OPERATION Assume now that the operator has started his vehicle engine and wishes to shift into low or first gear. He will move the selector lever 22 across the neutral or center portion of the H to the left. This will cause the inboard end of the lever 22 to move the pin 27 to the left in FIG. 2, against the force of the spring 29, moving it into contact with the switch 36, causing the latter to close just before the lever 22 reaches the left-hand end of the cross portion of the H, intermediate the reverse and first gear legs thereof.

Closing the switch 36 will energize the solenoid via the wire lead 38 connected between the switch 36 and the windings 44, and cause the solenoid core to be pulled downwardly in FIG. 3, against the force of the spring 47, moving the shift lever 20 to position B. This moves the drive bar 54 downwardly and pulls the end 68 of the pin out of the notch of the selector lever 74 and projects the end 76 of the other pin 62 into the notch 78 of the selector lever 82. At this point, the locking pin 102 is positioned in the central recess 114 of the interlock lever 104, while the locking pin 100 is positioned in the central recess 122 of the interlock lever 106.

Assume that the operator shifts into low or first gear, i.e., into the lower left leg of the H. Rotation of the manual selector lever 22 in this manner will rotate the housing 24 in a direction which will cause the shift lever 20 to rotate to the left or clockwise in FIG. 1 via the control tube 32, the lever 16 and the linkage rod 18. This will rotate the shift drive bar 54 (FIG. 5) in a clockwise direction and cause the lug '80 and its associated reversefirst selector lever 82 to rotate in a counterclockwise direction, moving the pin 102 from the central recess 114 to the adjacent left recess 112 of the interlock lever 104. As the pin 102 passes under the lobe between recesses 114 and 112, the single recess 118 on the other end of the lever 104 is rotated downwardly into engagement with the pin 100, assuring that the second-third selector lever 74 remains in the neutral position.

Shifting into reverse, or into the upper left leg of the H, would result in an opposite rotation of the housing 24, FIG. 2, but with the pin 27 (FIG. 2) still in contact with the switch 36, resulting in clockwise rotation (FIG. 5) of the lug and selector lever 82, via the control tube 32, the lever 16 and the linkage rod 18, and the pin 102 would enter the recess 116.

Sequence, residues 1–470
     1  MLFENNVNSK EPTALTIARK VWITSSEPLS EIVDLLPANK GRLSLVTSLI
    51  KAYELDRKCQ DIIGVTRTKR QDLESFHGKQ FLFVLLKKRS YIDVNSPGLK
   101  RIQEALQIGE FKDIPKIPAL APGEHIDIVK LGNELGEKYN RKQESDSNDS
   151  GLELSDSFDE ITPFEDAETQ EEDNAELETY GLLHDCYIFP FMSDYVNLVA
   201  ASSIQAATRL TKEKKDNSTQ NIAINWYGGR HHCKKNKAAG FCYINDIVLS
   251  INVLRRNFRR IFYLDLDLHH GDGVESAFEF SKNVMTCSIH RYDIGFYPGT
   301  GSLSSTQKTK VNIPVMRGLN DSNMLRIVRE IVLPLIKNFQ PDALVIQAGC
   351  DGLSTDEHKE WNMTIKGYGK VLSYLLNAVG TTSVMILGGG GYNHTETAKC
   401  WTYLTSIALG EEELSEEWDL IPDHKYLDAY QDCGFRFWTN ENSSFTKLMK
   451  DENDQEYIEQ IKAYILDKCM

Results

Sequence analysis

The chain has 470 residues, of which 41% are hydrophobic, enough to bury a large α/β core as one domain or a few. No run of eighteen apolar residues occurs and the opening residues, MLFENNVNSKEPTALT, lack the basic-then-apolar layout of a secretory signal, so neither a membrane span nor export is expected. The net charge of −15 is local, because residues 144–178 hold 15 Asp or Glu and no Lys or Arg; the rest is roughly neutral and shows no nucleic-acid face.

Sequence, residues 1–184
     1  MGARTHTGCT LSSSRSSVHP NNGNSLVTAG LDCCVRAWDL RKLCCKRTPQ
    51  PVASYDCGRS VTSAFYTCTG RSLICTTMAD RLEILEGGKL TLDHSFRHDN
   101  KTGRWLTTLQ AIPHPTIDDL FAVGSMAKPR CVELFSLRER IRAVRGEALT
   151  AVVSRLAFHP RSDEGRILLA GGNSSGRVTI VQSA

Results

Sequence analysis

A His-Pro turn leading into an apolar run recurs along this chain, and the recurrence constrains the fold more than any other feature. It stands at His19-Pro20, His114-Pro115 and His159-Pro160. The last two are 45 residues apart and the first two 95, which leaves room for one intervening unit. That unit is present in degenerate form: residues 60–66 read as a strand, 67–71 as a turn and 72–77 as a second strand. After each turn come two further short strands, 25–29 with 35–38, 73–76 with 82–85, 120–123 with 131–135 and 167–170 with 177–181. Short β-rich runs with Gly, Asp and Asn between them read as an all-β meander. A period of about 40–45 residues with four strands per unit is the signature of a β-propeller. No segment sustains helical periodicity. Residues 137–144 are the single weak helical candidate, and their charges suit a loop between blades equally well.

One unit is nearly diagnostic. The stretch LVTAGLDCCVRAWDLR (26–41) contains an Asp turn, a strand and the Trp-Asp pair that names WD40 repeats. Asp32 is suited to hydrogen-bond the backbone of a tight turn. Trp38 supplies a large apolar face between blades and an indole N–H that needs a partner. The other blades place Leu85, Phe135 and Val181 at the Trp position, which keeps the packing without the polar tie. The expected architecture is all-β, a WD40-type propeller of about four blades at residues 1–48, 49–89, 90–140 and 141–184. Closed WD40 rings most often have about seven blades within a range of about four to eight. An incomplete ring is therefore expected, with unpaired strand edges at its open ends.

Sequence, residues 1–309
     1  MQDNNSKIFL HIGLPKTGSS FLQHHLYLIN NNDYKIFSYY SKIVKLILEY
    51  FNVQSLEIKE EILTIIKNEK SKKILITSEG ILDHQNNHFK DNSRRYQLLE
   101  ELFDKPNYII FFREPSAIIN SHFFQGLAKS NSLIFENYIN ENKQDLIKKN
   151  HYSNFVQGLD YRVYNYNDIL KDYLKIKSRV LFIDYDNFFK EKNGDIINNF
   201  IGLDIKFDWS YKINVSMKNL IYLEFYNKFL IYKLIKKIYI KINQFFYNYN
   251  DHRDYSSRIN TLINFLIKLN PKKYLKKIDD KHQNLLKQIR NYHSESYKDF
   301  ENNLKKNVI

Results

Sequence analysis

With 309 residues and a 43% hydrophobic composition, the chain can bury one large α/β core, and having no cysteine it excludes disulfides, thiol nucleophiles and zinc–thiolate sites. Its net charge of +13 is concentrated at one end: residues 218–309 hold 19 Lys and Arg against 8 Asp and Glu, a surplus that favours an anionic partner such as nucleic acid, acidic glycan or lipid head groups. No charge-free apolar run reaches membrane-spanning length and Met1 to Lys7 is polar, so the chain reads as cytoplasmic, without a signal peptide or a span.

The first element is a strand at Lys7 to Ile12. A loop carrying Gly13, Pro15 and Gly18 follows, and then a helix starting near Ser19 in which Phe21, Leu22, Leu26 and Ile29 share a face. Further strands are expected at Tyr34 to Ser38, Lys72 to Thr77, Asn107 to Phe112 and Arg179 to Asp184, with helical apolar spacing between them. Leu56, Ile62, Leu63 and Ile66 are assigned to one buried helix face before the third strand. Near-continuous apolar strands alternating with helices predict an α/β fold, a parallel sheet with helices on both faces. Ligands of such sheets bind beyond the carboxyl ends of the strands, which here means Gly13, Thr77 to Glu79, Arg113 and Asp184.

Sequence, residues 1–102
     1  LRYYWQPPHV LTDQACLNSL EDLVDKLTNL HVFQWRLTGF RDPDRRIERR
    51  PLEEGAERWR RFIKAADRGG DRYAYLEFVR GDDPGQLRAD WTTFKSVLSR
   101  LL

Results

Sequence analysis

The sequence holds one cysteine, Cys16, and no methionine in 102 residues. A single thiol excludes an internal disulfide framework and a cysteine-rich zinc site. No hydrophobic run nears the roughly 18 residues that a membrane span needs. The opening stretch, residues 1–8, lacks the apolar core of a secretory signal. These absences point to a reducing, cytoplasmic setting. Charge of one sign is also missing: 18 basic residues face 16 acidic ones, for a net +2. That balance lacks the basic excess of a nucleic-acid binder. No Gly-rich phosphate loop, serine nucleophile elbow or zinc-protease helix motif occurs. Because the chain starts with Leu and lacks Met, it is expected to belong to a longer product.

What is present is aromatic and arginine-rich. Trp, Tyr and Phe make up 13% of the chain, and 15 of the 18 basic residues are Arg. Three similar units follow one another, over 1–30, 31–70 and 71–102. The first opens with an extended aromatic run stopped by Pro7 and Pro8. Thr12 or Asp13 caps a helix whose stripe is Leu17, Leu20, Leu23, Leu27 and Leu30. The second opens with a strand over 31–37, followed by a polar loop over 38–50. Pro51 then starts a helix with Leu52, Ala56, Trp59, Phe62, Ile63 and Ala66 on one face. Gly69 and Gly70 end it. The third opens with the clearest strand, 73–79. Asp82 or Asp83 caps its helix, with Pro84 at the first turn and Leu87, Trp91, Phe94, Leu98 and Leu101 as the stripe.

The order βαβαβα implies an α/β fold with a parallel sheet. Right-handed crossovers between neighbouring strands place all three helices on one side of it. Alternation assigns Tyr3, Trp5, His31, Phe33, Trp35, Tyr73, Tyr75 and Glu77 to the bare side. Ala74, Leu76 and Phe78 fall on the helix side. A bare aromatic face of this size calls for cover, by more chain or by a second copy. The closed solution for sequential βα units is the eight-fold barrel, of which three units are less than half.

Obviously, once the selector lever 22 is manually shifted to the right across the center portion of the H, the inboard end 25 thereof will pivot about the pin 23 to the right in FIG. 2, allowing the spring 29 to bias the pin 27 to the right away from the switch 36. Opening the switch 36 in this manner will once again deenergize the solenoid 40, permitting the spring 47 to snap the core 45 and the associated shaft 48 upwardly in FIG. 3, moving the end 76 of the pin 62 out of the notch 78 and the end 68 of the pin 60 into the notch 70.

In its retracted position, counterclockwise rotation of the manual selector lever 22 and the control tube 32 results in rotation of the drive bar 54 in a counterclockwise direction (FIG. 5), causing the lug 72 and the selector lever 74 to rotate in a clockwise direction. This moves the locking pin into the second gear recess (FIG. 5) of the interlock lever 106 in the same manner as was explained above relative to the other interlock lever 104. It is apparent that the opposite rotational movement, while the solenoid 40 remains deenergized, would result in the locking pin 100 entering the third gear recess 124.

In each of the four interlock recess positions, i.e. reverse 116, first 112, second 120 and third 124, one or the other of the shift forks 95, rotatably extending from the trunnions 97 or 98, actuates the associated shift collar 96 which, in turn, engages the proper gearing, as described in the abovementioned Fodrea Pat. No. 3,088,336.

It should be apparent that the invention provides a manually-actuated, electromechanical control linkage which may be used in lieu of the more complicated mechanically-operated transmission controls and which is highly efiicient and fast to respond to manual actuation thereof.

It should also be apparent that only one shift lever and one linkage rod need be employed in place of those mechanical systems which require two such shift levers and associated linkage rods.

While only one embodiment of the invention has been disclosed and described, it is apparent that other modifications thereof are possible.

I claim: